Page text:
April 05, 2001, 12:49 PM — IN THE PAST FIVE years, people have purchased everything from groceries to books to automobiles online as businesses rolled out ERP (enterprise resource planning) systems to increase efficiency. Now companies in the supply chain are working to share information and create marketplaces.
"Photo by Walter P. Calahan"But one sector that touches all these enterprises has lagged behind, still relying on paper for most of its business: tax. The Internal Revenue Service and tax organizations in private industry have suffered as an overlooked stepchild, even as companies moved to modernize other operations.
"The tax discipline is a lot of times looked at as a blocker or a problem," says Steven Rainey, partner in Washington-based KPMG's eTax solution practice. "A lot of times tax departments bring up issues rather than solutions. Nontax people don't understand that tax is not a fixed number."
The current efforts may have a way to go, but business tax preparation and planning is slowly getting easier. The government is making moves to bring taxes up to speed with the rest of business technology and perhaps take a bit of the pain out of the tax process. Separately, businesses that specialize in tax consulting, providing tax information or forms, or preparing tax returns are moving their processes into the electronic age.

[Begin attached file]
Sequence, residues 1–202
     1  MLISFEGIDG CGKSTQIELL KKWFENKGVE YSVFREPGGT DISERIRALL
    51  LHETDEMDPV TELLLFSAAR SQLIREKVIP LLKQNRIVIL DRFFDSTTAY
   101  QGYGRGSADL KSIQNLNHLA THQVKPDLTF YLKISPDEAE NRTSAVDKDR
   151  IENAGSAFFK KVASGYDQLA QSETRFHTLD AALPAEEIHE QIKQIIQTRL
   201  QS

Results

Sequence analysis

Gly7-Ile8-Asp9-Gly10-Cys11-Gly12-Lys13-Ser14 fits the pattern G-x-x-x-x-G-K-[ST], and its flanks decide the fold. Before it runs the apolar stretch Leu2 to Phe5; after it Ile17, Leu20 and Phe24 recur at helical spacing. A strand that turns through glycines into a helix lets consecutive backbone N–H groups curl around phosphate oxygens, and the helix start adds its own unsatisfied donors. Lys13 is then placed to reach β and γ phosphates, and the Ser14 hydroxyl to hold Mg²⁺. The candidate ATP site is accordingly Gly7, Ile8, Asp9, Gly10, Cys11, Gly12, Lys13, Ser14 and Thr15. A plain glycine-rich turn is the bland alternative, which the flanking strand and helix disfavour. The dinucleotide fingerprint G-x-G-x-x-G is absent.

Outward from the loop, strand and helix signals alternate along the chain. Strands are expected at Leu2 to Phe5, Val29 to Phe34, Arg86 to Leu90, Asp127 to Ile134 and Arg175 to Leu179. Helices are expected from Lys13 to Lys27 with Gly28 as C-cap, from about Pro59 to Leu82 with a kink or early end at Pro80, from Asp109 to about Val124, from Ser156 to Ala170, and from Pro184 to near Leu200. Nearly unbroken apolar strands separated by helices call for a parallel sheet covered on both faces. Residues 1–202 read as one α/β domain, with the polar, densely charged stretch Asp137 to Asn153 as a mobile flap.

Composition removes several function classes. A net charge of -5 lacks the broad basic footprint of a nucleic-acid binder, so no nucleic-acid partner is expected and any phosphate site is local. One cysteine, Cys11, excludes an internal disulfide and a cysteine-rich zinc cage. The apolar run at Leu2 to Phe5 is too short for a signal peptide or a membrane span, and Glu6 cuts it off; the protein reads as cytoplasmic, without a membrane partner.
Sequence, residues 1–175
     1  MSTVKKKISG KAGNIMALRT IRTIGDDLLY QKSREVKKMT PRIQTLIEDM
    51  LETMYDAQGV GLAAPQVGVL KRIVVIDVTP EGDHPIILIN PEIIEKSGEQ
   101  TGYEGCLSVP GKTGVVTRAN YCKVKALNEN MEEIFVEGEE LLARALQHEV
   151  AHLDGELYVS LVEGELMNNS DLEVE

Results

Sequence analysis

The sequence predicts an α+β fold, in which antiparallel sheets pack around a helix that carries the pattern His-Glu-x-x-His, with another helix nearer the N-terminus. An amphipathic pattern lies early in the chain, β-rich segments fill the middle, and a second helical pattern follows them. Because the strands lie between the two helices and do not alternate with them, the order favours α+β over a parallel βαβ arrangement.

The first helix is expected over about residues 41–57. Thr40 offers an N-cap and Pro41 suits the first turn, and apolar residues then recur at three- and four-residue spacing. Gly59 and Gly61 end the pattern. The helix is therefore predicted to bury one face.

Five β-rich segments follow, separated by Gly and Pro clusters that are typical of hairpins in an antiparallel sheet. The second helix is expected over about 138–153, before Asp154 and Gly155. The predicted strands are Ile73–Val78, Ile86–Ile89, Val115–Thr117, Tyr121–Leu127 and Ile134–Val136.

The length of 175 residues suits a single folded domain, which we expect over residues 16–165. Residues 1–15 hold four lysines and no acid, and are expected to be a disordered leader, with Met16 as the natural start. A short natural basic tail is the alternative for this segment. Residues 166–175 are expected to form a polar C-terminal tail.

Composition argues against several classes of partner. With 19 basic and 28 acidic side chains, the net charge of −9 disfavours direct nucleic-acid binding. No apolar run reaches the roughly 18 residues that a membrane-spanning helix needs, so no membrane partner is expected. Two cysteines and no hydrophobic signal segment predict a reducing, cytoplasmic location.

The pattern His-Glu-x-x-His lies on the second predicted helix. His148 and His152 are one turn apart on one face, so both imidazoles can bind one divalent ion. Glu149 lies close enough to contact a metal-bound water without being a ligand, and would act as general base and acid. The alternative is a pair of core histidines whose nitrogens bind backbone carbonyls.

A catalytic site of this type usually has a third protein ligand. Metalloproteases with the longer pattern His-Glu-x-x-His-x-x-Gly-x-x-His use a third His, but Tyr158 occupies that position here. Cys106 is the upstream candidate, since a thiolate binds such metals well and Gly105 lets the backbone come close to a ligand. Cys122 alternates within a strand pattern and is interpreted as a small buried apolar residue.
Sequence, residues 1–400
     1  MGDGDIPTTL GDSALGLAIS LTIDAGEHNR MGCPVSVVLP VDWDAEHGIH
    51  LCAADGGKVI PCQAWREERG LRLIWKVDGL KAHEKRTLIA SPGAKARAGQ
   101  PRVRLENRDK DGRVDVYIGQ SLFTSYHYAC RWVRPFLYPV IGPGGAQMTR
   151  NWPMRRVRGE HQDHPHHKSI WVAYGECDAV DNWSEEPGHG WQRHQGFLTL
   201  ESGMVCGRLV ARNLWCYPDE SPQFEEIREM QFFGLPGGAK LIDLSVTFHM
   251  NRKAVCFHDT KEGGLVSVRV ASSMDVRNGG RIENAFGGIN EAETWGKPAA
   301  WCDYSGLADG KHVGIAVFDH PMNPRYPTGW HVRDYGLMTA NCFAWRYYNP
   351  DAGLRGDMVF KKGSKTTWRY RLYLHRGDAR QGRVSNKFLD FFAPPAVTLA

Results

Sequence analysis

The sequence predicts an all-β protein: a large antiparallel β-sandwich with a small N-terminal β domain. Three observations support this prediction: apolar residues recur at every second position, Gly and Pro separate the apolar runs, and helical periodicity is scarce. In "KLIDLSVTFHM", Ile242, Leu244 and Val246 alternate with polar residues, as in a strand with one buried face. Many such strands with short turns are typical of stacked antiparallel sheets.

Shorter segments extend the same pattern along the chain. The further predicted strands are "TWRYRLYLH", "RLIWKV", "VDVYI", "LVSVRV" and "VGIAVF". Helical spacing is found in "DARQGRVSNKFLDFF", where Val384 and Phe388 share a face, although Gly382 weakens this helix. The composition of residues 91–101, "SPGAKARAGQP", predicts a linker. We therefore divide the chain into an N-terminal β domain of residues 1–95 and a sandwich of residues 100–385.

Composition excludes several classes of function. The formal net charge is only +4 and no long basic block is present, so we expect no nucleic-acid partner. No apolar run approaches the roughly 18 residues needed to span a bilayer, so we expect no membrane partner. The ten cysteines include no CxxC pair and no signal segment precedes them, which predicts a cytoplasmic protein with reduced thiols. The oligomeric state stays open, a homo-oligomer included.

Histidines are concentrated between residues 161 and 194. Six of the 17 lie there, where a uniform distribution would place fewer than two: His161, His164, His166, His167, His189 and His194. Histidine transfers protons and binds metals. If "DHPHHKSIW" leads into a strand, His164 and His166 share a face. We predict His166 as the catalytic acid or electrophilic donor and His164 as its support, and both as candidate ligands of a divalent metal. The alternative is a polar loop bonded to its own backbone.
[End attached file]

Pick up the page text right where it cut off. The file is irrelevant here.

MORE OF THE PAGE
Digging out of the paper avalanche
The IRS today relies on Unisys, Cobol, modems, a lot of flat files, and a weekly batch update to run the huge government agency.
"It's not conducive to the way everyone does business now," explains Sherrill Fields, national director of the IRS' diversified electronic filing division, in Washington. "As people get used to 24-hour service in their private lives, they don't understand why the government can't do the same."
So change is underway. A few years ago, after receiving appropriations from Congress to address the problem, the IRS awarded a multibillion-dollar contract to El Segundo, Calif.-based Computer Sciences Corporation, charging that company with the modernization of IRS systems in the Business Systems Modernization Program.
Since the IRS modernization project has a time frame of 15 years, the IRS is taking steps to make legacy systems better in the interim. For example, in the last few years the IRS created a process for individuals to file their taxes electronically; business returns, however, were a "second priority" that is now being addressed, Fields says.
Among the electronic tax options available to companies today is the EFTPS (Electronic Federal Tax Payment System), which enables business to make all their tax payments electronically. A pilot program, which the IRS expects to go live this fall, will also allow businesses to make payments and view their IRS payment history online.